On Navigating Through the Social Security Disability System
When faced with the decision of applying for Social Security Disability, several factors should be kept in mind. Aside from the fact that the specific reasons you are applying for Disability makes your situation unique, there are a number of commonalities that need to be considered for all cases. I’m also assuming that your case is legitimate and not a claim based on maligning or simply an attempt not to work. The idea is to make your case as strong as possible and avoid the traps that the Social Security System specifically sets to deny your request for benefits.
Social Security, from the perspective of the administrators of this social service, doesn’t want to make it easy for you to get disability. Their reasoning goes that unless you are not capable of ANY type of work, they will not approve your application. The statistics show that most people who apply are turned down the first time they apply for benefits, regardless of their legitimate need. So it is up to you to appeal and continue to appeal regardless of how many times you are refused.
The process begins with an appointment at your local Social Security Office, after you have made your first telephone call to the general SS office (1-800-772-1213). They will send you forms (by mail) to be completed by your personal physician, with any documentation that supports your claim for total disability (regardless of your profession), with an appointment date and location.
When you go, don’t dress up. In fact, dress down. Take all your prescription medications (which you will be asked to document), put them all in a shopping bag and bring them with you, as opposed to a list of medications. It’s far better to take the bottles because it makes your claim that much more tangible.
If you are going alone, go by cab and get a receipt. If you live in a city, you will be asked how you came to the office. They reason that if you can negotiate the public transportation system, then you can work. Show them the receipt. This is especially true if you live in a large city like NYC which has a fairly accessible public transportation system.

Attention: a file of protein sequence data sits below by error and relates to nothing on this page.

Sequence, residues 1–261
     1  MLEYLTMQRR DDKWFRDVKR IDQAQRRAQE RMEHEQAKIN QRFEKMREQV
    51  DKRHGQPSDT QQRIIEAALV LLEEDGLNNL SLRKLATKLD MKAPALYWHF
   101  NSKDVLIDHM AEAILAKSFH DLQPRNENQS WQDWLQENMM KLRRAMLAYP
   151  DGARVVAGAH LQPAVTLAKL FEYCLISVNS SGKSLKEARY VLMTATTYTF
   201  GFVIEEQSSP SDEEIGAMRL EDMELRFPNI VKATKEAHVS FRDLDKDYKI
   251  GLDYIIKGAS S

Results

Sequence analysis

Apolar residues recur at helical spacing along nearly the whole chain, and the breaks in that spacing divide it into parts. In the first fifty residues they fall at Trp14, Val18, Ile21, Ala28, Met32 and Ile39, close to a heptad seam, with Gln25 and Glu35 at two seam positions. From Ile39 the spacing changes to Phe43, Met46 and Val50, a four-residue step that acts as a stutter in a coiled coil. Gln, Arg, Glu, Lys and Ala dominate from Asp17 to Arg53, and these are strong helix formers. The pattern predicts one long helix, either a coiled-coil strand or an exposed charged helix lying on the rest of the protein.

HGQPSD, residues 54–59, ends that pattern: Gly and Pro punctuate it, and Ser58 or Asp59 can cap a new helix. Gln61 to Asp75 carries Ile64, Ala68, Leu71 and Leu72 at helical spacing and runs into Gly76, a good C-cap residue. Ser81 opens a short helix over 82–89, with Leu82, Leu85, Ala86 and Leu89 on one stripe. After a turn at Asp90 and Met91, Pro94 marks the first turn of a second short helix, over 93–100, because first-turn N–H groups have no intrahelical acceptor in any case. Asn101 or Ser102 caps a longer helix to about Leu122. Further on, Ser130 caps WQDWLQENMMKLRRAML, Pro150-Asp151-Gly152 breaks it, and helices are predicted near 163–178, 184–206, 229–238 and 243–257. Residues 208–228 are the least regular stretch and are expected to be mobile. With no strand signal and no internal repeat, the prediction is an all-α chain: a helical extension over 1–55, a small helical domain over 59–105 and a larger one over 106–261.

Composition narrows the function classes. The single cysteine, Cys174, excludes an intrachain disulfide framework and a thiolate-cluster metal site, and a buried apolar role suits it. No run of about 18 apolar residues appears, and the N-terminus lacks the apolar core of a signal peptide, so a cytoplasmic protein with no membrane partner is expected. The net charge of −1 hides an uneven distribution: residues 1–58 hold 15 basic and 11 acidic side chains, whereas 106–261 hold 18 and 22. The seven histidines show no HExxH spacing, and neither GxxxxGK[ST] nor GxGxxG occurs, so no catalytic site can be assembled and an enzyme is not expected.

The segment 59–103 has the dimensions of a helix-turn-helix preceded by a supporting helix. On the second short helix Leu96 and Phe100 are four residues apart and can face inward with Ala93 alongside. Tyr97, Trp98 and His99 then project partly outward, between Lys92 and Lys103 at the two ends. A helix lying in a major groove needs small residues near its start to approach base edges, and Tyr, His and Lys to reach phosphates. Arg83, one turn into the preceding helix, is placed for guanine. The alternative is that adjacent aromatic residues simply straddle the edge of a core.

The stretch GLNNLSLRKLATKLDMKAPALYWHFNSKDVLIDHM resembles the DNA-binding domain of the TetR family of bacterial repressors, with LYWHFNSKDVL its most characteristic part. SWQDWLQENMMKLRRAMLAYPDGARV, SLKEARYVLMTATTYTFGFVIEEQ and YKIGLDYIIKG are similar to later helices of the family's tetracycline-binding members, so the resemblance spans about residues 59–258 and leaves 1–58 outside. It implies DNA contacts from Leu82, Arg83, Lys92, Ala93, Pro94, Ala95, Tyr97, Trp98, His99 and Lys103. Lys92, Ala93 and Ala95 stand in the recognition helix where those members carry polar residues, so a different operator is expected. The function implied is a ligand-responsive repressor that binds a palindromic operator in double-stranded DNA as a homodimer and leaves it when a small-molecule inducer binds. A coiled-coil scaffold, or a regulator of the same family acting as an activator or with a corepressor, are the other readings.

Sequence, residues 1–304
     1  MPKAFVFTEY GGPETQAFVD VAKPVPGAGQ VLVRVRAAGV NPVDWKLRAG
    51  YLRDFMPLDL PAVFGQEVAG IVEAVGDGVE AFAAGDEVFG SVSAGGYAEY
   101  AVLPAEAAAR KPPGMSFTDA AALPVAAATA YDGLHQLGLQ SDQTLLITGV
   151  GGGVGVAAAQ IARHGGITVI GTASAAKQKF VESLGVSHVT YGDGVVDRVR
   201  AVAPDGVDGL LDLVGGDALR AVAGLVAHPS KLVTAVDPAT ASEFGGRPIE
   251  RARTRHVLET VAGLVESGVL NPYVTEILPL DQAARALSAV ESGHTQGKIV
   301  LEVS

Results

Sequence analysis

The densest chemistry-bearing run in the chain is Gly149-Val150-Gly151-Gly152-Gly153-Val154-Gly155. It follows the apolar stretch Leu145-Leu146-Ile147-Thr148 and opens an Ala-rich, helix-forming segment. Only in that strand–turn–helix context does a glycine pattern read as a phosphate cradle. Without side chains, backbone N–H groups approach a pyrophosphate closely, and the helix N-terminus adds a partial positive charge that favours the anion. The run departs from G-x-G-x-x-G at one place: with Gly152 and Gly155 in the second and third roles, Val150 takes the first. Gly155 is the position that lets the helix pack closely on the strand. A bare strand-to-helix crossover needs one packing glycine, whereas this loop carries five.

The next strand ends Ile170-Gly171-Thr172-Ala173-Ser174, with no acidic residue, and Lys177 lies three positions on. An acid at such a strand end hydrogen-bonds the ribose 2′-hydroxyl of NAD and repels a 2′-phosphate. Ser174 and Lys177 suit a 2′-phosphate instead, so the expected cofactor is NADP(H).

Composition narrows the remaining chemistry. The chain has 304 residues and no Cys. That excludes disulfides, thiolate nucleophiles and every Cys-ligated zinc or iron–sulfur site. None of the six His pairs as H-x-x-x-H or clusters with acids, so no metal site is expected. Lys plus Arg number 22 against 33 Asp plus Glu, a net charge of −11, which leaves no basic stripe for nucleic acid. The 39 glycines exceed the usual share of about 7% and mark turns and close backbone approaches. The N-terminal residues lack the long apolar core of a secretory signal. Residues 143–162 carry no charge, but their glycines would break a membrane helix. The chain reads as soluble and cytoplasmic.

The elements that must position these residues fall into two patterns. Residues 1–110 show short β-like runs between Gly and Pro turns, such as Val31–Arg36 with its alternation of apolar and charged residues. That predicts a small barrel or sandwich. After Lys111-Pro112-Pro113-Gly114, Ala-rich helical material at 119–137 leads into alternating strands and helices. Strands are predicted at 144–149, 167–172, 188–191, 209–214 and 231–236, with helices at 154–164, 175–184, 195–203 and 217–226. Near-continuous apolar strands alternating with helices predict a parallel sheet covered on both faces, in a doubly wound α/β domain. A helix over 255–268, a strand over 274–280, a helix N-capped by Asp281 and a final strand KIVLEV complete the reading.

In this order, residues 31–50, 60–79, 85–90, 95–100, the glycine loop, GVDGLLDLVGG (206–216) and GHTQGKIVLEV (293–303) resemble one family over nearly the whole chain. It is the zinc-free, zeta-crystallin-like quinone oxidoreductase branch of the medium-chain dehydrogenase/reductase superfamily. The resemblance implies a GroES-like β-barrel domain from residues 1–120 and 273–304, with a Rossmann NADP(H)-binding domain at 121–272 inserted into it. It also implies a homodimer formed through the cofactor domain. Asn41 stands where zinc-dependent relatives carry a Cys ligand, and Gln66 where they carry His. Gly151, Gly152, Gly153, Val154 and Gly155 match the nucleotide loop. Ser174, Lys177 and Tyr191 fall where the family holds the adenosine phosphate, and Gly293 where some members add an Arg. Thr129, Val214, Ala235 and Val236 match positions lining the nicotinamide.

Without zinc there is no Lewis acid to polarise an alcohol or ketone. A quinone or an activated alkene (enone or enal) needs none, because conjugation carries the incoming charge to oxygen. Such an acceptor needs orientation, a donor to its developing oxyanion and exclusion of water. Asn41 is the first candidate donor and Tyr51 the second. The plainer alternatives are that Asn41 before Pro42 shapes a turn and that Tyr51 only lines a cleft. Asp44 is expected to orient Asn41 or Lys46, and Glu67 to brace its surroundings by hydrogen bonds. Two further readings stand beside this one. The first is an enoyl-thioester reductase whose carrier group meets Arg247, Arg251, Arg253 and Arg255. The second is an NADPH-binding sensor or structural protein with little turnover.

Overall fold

They will do all the lab-work at this appointment, take blood, urine, x-rays or other procedures they feel are warranted. You will also see one of their physicians who will examine you and verify your claim. If you have any hospital x-rays or documents from previous hospitalizations, bring them to show the doctor. This appointment is the place to bring all “the stuff” you have to support your claim. It is your responsibility to make sure you present as strong a case as possible.
You will also see a psychiatrist who will question you on the impact this disability has had on your life and your ability to work at ANY job. You will be asked questions like, how much weight you can lift, can you do your own housework, can you take care of yourself, such as dressing, washing yourself. All sorts of things to see if you have any capability whatsoever to do ANY sort of work, or do anything independently. So, how you answer these questions will determine whether your request is approved or denied.
Another important question they will ask you is if you can type, do you have a computer. The idea here is that if you are capable of typing or using a computer then you can do some type of work. You need to anticipate the motives of each question you are being asked and be very careful to not do anything to jeopardize your claim. If you’re not sure what they are asking, you can always (depending on your claim), say you don’t understand, you don’t remember what they asked, or you didn’t hear them.
When you apply for Social Security Disability, it’s presumably because your claim is real, and you need it because your disability has affected your way of life, the quality of your life and you are not able to work. These pointers are to make your case as strong as possible. It’s not to lie or to make a claim that is not legitimate, but remember that Social Security measures your disability by your ability to do any work at all. They will use this criterion to question you and will not hesitate to use your answers to refuse your case no matter how real and legitimate your disability is. About ten days to two weeks after filing your claim, you will receive a response. It will be either an approval or a denial. If it’s denied, appeal, appeal, and appeal. Most times when you appeal, it will be approved, but they won’t make it easy. If you’re in real need of benefits, don’t give up and don’t get discouraged by the first denial.